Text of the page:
Steam or other vapour that comes between food and an Infrared thermometers’ optics can also cause erroneous readings as well, as can frost and food packaging materials. An inaccurate Infrared thermometer reading can also occur when a user takes a thermometer from the ambient temperature in one room and uses it in another room, without allowing the device to stabilize at the new ambient temperature. Known as thermal shock, this change in ambient temperature confuses the thermometer as it tries to produce a result while the temperature of the individual components of the optics is changing.

These and other potential limitations of use keep infrared thermometers from being accepted as enforcement tools. However, when used as intended, the devices provide quick, accurate temperature readings, making them sufficient and effective screening tools. If necessary, a reading by an Infrared Thermometer can be followed by a measurement using a contact thermometer to check a food’s internal temperature. Typical applications for Infrared Thermometers include measuring surface temperatures of food in hot or cold food service buffets, where multiple consecutive readings of unpackaged, accessible food can be taken quickly. With this screening completed, the user can follow up with a contact thermometer whenever questionable readings are obtained.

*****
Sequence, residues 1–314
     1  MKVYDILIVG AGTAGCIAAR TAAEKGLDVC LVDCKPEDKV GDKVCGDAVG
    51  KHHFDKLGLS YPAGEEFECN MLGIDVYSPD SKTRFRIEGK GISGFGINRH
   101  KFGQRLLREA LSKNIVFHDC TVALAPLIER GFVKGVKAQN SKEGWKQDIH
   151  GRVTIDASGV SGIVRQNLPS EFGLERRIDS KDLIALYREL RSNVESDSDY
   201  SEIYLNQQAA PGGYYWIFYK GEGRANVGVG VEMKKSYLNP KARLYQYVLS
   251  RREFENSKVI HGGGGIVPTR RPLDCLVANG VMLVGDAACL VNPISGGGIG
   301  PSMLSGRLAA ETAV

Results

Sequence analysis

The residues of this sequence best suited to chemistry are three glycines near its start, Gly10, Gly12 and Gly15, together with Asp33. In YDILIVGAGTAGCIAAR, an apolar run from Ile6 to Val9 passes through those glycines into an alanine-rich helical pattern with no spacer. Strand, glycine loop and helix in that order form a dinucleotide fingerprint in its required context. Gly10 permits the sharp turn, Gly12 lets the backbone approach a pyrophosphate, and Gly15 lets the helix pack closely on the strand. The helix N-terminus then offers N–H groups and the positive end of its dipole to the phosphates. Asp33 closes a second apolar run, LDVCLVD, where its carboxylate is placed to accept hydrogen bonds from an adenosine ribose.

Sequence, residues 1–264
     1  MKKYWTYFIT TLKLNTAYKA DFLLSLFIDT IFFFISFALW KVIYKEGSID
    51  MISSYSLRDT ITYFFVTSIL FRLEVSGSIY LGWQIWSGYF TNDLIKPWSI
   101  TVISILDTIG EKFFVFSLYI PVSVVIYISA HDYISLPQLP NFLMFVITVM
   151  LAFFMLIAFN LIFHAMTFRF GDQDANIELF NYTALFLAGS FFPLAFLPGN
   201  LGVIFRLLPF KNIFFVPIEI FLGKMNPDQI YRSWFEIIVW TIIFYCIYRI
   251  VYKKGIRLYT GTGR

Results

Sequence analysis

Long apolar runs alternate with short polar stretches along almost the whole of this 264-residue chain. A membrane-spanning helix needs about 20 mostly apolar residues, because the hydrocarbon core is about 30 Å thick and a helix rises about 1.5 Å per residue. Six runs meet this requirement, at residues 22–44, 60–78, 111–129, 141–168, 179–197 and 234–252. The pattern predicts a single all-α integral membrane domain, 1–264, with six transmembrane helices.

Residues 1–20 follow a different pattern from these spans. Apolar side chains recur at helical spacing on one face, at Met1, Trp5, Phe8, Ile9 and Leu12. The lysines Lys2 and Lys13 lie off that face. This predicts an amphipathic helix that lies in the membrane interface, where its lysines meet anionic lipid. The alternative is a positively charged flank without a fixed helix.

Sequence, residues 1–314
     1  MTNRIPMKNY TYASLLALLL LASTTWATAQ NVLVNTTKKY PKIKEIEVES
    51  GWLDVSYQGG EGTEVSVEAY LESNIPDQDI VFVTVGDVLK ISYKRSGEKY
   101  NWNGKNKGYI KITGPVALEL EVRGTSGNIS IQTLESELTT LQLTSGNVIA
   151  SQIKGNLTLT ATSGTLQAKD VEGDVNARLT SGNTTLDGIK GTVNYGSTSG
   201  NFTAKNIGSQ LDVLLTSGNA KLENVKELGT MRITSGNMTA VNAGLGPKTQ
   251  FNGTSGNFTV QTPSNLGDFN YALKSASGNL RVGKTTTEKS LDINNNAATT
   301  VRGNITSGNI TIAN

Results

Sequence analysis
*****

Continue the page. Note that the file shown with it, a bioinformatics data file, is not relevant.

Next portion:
Thermometer User Information 
Since users of infrared thermometers play a critical role in the proper and effective operation of the device, they must be adequately informed about the capabilities and limitations of the thermometer. Information is usually included with each thermometer, to help educate users about the device, including:
- Proper application and operation;
- Screening and surface measurement;
- How to switch between temperature scales such as Celsius or Fahrenheit;
- Operating temperature range;
- Ambient temperature range for use;
- Field of view, minimum “spot area” and operating distance;
- Angle of measurement;
- Thermal shock and minimum stabilization time;
- Adjustability of emissivity;